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Question 1: Mojo Beverage placed the following advertisement in a local newspaper on 25 January:
‘Come one, come all! Fishermen and women of Lake Tranquil. We are offering to pay $100,000 to any person who catches Lord Harry, a trout which we have tagged and released into the lake.’
The following day was the Australia Day holiday. Lake Tranquil was crowded with people fishing both from the bank and from boats. At about lunch time, a rumour spread among the people on the bank that there had been an error in the advertisement: that the true amount should have been $1,000 and that Mojo Beverage had announced that the prize would be the lower amount. The rumour was in fact true. Ben heard this rumour from the stranger fishing beside him, minutes before catching Lord Harry. A Mojo Beverage representative was on hand to certify the catch before Lord Harry was released back into the lake, but did not say anything about the amount of the prize.
Ben is claiming that Mojo Beverage owes him $100,000.
Advise Mojo Beverage, explaining applicable legal principles and citing relevant authorities.
Question 2: (a) Dorper Sheep Sellers Pty Ltd was negotiating the sale of a number of dorper sheep to a firm called Livestock Brokers, which intended to on-sell the sheep. On 1 June Dorper Sheep Sellers sent a letter to Livestock Brokers, setting out the number of sheep for sale and the price per head. It asked Livestock Brokers to reply within 14 days.
Livestock Brokers sent a letter by reply dated 6 June, inquiring whether the sale could be financed on the ‘usual terms’. Dorper Sheep Sellers did not reply.
On 14 June, at the opening of business, Livestock Brokers sent a fax stating: ‘We accept your offer of 1 June for the sale of sheep’. The same day Dorper Sheep Sellers faxed back, saying: ‘You’re too late. We’re just in the process of selling the stock to another purchaser. Formalities will be completed by tomorrow’.
Advise Livestock Brokers as to the rights and liabilities of the parties in the light of the commercial interactions taken place between them.
(b) Presume in (a) above Livestock Brokers sent the fax on 14 June but because of a transmission error Dorper Sheep Sellers did not receive it. Advise Livestock Brokers under these circumstances.
Issue: In the case law that is provided in this business law assignment the issue is whether Ben can claim the amount of $100,000 from Mojo Beverages or not?
Relevant rule: Two fundamental ideas in contract law are offer and invitation to treat. An invitation to treat occurs when someone makes an offer and invites others to counter it. This offer from the other side is not first finding. However, as soon as the invitation to offer is accepted, the other party offers a counteroffer, which is then either accepted or refused by the first party. Once the other party accepts the offer, a binding legal agreement is formed between the two parties. Advertisements serve as invitations to treat; an offer is made when a customer takes an item to an offer; and a product is accepted when a store employee does so. An offer may be given to a single individual, a group of individuals, or occasionally the entire planet.
• A particular individual; • A group of individuals; • The entire world—applicable to anybody who reads the advertisement
All the people to whom the offer is targeted should be informed of and made aware of the offer that has been used as an invitation. If that person is not aware of the offer, it cannot be withdrawn.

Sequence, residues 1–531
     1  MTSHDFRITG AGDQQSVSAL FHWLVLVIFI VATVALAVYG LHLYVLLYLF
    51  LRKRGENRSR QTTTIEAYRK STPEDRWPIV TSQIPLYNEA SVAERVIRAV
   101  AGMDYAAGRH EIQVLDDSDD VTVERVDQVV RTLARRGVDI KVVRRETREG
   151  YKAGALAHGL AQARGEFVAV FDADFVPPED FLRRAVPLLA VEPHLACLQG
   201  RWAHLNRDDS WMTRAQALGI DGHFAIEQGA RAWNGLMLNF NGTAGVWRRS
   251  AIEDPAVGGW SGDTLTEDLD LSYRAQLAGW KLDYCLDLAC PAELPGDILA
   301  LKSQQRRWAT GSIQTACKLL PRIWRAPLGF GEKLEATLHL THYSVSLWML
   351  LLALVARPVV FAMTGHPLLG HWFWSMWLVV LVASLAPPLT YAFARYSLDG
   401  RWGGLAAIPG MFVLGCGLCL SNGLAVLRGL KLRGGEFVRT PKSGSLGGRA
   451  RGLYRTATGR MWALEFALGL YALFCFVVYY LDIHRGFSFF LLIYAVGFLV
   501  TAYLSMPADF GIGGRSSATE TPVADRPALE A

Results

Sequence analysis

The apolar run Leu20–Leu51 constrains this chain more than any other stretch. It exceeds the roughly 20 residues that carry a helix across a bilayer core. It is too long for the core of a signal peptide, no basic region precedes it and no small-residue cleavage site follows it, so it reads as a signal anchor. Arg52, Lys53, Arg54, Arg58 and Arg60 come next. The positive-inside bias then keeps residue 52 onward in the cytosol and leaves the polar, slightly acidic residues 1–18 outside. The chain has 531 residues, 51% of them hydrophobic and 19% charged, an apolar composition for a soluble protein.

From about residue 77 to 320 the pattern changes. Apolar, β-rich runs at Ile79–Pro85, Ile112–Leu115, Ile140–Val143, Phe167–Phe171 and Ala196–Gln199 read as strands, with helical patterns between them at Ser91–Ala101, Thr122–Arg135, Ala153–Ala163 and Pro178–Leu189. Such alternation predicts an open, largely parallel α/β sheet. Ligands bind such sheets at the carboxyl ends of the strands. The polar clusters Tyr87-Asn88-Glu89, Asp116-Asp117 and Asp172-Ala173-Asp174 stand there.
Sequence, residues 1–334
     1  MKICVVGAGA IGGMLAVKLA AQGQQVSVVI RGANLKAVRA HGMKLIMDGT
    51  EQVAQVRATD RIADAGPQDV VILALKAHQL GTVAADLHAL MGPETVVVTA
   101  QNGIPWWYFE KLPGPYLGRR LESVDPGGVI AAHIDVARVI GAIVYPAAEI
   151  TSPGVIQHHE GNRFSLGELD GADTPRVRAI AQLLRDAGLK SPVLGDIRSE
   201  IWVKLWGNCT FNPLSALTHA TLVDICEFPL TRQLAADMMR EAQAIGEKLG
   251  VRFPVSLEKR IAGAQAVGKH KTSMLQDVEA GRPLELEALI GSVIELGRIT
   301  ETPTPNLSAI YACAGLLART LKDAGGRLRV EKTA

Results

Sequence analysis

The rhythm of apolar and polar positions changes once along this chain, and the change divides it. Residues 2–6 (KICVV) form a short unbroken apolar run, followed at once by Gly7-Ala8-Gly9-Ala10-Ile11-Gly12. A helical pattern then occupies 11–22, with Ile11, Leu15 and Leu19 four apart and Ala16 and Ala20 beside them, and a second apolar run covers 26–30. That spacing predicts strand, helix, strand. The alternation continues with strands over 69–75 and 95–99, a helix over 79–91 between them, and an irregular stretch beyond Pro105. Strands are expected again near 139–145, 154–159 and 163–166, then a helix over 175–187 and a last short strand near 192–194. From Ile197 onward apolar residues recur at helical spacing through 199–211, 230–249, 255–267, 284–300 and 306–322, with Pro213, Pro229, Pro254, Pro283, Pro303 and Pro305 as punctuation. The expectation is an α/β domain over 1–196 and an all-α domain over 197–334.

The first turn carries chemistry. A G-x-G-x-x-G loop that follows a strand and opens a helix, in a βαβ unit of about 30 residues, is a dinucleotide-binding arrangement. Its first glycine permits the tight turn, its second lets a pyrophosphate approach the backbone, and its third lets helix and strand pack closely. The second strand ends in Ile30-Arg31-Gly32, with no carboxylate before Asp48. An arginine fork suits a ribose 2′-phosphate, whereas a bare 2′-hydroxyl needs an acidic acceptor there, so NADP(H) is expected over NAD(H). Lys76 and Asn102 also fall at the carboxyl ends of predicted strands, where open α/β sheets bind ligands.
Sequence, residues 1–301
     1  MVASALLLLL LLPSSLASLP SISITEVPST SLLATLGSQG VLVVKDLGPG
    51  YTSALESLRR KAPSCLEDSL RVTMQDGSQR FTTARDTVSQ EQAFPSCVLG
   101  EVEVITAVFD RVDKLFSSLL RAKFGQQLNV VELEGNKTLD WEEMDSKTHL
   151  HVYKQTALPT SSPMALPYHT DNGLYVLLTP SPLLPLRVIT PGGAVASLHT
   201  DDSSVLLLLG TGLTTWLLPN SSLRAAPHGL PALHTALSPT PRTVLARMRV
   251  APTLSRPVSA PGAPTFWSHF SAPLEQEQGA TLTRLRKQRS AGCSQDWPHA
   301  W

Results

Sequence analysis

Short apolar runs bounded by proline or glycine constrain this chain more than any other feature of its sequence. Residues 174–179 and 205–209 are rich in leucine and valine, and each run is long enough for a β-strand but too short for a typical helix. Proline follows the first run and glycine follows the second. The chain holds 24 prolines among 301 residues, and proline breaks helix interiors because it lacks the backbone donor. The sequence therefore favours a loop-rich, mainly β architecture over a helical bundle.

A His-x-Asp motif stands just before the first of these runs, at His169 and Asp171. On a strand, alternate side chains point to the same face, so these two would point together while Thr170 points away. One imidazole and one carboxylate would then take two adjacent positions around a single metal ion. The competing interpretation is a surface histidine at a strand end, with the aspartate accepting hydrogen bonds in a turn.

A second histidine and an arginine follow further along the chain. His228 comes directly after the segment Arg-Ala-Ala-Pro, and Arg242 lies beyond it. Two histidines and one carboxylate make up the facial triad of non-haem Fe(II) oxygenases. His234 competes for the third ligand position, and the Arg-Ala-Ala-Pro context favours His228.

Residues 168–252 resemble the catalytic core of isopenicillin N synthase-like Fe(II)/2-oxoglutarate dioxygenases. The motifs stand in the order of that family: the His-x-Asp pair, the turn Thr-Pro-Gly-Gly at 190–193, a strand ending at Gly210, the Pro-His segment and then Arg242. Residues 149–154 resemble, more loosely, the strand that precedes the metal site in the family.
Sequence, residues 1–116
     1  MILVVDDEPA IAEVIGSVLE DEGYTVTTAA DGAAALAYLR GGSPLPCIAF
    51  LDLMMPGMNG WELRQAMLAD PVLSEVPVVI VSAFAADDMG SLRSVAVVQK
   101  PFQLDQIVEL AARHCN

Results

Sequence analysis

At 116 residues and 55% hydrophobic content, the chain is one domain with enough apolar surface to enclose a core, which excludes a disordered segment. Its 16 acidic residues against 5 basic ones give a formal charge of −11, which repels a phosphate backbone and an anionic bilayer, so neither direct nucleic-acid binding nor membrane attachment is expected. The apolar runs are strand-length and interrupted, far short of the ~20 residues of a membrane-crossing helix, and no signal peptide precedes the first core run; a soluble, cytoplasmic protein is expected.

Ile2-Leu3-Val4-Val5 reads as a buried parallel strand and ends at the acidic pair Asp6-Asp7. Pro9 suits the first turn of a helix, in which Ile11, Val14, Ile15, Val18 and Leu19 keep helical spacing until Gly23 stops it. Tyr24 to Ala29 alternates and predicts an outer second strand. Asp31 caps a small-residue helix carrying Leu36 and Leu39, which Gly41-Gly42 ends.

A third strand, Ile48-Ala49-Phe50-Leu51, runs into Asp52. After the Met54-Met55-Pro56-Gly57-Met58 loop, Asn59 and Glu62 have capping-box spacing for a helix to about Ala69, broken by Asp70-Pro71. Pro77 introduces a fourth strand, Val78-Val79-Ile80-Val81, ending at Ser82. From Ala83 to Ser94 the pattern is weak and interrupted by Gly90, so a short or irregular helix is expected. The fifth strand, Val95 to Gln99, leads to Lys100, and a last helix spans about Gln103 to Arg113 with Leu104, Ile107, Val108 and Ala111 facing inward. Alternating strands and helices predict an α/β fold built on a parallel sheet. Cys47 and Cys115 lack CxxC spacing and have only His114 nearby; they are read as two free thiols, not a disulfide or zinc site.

Acceptance: In light of the scenario presented in this business law homework, To give the inference that the person has acted in response to the offer made, acceptance of the offer should be considered as an unequivocal statement and compliance with its terms. In the case of R v. Clarke1, the rule of Communication of an Offer was established. The offer must be deemed to be accepted if it is determined that the offeree was acting in a certain manner in response to the offer.
The contract is legally binding once there is an officer and a subsequent acceptance. A contract cannot be enforceable without a consideration.
An advertising should be considered an invitation to treat, the Court of Appeal ruled in the case of Carlill v. Carbolic Smoke Ball Co2. Additionally, it was decided that if a contract's provisions about the awards that would be given out were all stated in an advertisement, it was the company's responsibility to provide the awards to the other party in the event that the terms of the contract were fulfilled. A legally valid contract would develop once there was an officer and a subsequent acceptance of that offer, and this will make the deal binding.
Revocation: In the scenario covered by this business law assignment, verification will only be present once the offeree is aware that the offer has been formally rescinded.
In Pharmaceutical Society v. Boots (1953)3, the court made a distinction between an invitation to treat and an offer.
Application: Mojo Beverages published an advertisement in the neighbourhood newspaper offering to pay $100,000 to anyone who would catch Lord Harry and then release it into the lake. This case involved a business law contract assignment. The following day, which was an Australian Day holiday, Lake Tranquil was at its busiest, and everyone was fishing from both banks. After some time, a person began to circulate the rumour that the advertisement was false and that the true prize was actually $1,000. Additionally, according to the rumour, Mono Beverage has reduced the price. Ben learned that this rumour was accurate a few minutes before he was able to hook the fish. A representative of Mojo Beverages attested that Ben had caught the trout and immediately released it back into the lake. The salesperson made no comments regarding the cost of the goods.